Of course, my experience, and the experience of my Bible-reading colleagues, is the polar opposite. That’s not an argument to say that everything that anyone has done in obedience to the Bible has been good (and I include myself in this category). But it is an argument against the assertion that everything that the Bible inspires is evil. There’s something more nuanced here than the presence or otherwise of the Bible in a person’s decision-making.

Could it be that people can and do interpret what they receive (from the Bible or other sources) and they often get it wrong? In other words, it’s not simply a question of what is transmitted, it involves the reception as well. Here is my starting point for the old-fashioned notion of original sin and total depravity.

So, what’s our response? Do we throw up counter-FUD to scare people into Church?


(Even if the resulting message is less entertaining)

The antidote to fear-uncertainty-doubt is not more fear-uncertainty-doubt or even, Heaven forbid, religious or anti-religious vaporware.

The antidote is actually the Light of the World (John 8:12), which the People of God has been called to hold up for the benefit of all (Matt 5:14). In one sense, this makes the Christian’s job easy – we are to preach Christ and Him crucified (1 Cor 2:2). In another, this makes the job hard – what does it mean to live as one who bears the light of the world? I guess you’ll have to read the rest of the Bible to figure that out.

Don’t be afraid. Ignore the FUD. It won’t kill you.

Saturday, October 2, 2010

Decisions, Decisions

I had something of a revelation recently; people don’t tend to make decisions rationally. Also, they don’t tend to make decisions – they actually see an outcome they want and then frame their decisions to secure the outcome.

I know, I know. Everybody else knows this, but I didn’t (or I have forgotten). Maybe its because, according to the Myers-Briggs typology; I’m an INTJ borderline ISTJ.

More probably, my work as a consultant engineer means that I put in an inordinate amount of analysis and logic into the decisions I recommend to clients. So, my working environment conditions me to backing up my decisions with a body of work, and to having my decisions scrutinized and challenged. I’m OK with that because the decisions I make have big dollar values associated with them. In my mind, the bigger the implication of the decision, the more effort is required to research the issue to come to a conclusion.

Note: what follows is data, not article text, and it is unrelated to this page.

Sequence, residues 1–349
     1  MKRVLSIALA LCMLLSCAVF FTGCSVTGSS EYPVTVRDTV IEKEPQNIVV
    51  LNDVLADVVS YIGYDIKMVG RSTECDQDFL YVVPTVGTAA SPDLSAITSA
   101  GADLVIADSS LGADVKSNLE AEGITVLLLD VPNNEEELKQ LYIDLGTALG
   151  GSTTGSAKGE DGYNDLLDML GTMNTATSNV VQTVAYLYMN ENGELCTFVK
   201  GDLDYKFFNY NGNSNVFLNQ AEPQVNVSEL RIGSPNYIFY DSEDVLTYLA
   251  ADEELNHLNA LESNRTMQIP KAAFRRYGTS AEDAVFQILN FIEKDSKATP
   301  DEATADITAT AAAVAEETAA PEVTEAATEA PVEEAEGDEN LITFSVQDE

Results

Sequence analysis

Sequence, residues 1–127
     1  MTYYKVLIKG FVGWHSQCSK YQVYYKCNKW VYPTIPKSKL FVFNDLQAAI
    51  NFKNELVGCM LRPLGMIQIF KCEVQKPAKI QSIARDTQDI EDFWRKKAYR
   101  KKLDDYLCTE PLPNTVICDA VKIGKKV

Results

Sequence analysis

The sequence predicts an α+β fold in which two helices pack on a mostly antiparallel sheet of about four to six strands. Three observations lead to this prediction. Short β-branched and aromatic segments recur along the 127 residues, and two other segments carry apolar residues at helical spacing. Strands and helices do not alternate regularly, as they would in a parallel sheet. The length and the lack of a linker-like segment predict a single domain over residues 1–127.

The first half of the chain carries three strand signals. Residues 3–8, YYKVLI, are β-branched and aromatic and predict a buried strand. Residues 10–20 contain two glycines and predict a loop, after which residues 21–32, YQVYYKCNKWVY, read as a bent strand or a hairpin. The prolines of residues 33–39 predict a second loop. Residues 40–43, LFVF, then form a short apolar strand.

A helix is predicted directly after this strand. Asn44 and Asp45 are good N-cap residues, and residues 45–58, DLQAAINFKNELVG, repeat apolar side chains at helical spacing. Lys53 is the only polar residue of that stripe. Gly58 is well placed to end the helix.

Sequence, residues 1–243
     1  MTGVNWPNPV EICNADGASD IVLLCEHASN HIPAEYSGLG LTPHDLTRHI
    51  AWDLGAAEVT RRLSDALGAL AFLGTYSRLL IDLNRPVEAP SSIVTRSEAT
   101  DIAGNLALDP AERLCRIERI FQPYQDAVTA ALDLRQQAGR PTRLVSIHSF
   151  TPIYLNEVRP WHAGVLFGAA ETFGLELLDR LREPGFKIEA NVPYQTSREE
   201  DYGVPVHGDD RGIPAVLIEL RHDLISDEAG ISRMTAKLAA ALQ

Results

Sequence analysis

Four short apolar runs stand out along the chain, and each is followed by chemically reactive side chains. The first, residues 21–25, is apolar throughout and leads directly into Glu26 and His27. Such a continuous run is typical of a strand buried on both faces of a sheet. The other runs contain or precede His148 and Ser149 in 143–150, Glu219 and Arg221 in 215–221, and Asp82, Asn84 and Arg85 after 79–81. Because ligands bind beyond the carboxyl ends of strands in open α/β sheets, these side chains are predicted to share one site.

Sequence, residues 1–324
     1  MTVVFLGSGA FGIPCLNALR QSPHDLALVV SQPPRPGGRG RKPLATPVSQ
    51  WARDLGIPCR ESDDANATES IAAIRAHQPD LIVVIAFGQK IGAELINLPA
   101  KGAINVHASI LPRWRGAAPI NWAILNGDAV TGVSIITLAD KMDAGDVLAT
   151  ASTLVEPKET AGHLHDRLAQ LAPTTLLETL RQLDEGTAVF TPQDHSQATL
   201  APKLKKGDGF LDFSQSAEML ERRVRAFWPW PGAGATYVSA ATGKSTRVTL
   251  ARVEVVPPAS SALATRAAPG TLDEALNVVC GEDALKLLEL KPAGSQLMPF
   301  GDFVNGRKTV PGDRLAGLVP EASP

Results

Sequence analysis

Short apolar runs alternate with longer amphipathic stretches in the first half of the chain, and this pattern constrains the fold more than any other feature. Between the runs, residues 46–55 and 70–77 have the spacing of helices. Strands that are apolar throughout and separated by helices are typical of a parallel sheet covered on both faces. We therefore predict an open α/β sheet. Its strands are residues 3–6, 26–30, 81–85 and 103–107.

The problem with people is that we routinely fail to prioritize, or rank, the decisions that face us in life. The apocryphal tales that come out of the retail business indicate that a person will spend just as long deciding which new toaster to buy as he or she would in deciding which house to buy (the reason it takes longer to buy the house than the toaster is that we’ve got to co-opt the banks into the venture we’ve decided to undertake). Of course, the situation is not helped by an advertising industry that wants us to get worried if we’re not seen driving the new car or if we’re not taking the right diet supplements. God help us if we’re using last year’s toasters!

I could run through the whole gamut of decisions from here – from relationships, to how to vote, to how we need to address climate change and global inequities. Yes! This last one is a real biggie, and we’ve got to jettison the urban myth of the infinitely growing economy.

What, I hear you say? Martin’s getting all political and tree-huggy. And shouldn’t we simply blame global industry (a.k.a. anyone but me)?

Seriously, though, we need to consume less, and we need to distribute our planet’s limited resources more equitably (because they will run out). And I don’t see it happening when the biggest thing on the agenda in the negotiations between the Bank of America and Merryll Lynch on the eve of the global financial crisis was what compensation needed to be paid to the senior executives (as I found out this week). I don’t know the final dollar amount was, but it was enough to bail entire cities. It could have saved thousands of families defaulting on their mortgages. What determined their sense of what decisions were more important than others? The word ‘greed’ seems the most appropriate.

The trouble is, when you listen to CEO John Thain’s “rationale” behind his remuneration, you’d think the guy was making sense. Listen up, he’s a bean counter. He might be a rather good bean counter, but who made the decision to pay him $4 million per year, when actual bean growers have to live off less than $2 per day?

I’m not suggesting that pay and rewards should not be differentiated, but at what point do they become obscene and shameful? Who decides what is obscene and shameful? It seems we have a conflict of interest between the likes of John Thain and the 5,500 (approx) bean growers who collectively earn as much as he does individually? What a bunch of bankers – it seems they pay themselves these amounts not because they deserve it, but because they can.

I could lapse into cynical depression at this point. Can anyone make sound judgments? And what makes a good judgment “good”, or a bad judgment “bad”?

My problem is that I refuse to believe that the best judgments are those that serve my self-interests the best, yet that is how most people will evaluate the decisions they make. They have wisely decided that they will not entrust their self-interests to people who tend to put their own self-interests first.

So, here it is – the ultimate engine of our individual and collective decision-making mechanisms. Self-interest rules! And bugger the world (even if there’s not much of a world left for everyone else after I’m finished with it).

My only hope is to appeal to One who is higher than all these muddied undertows (see Gen 1:2 and Psalm 93:3-4); One who has demonstrated His willingness to abandon His self-interest on our behalf (see Romans 5:8).

The biggest decision I need to make is whether I can believe in Him.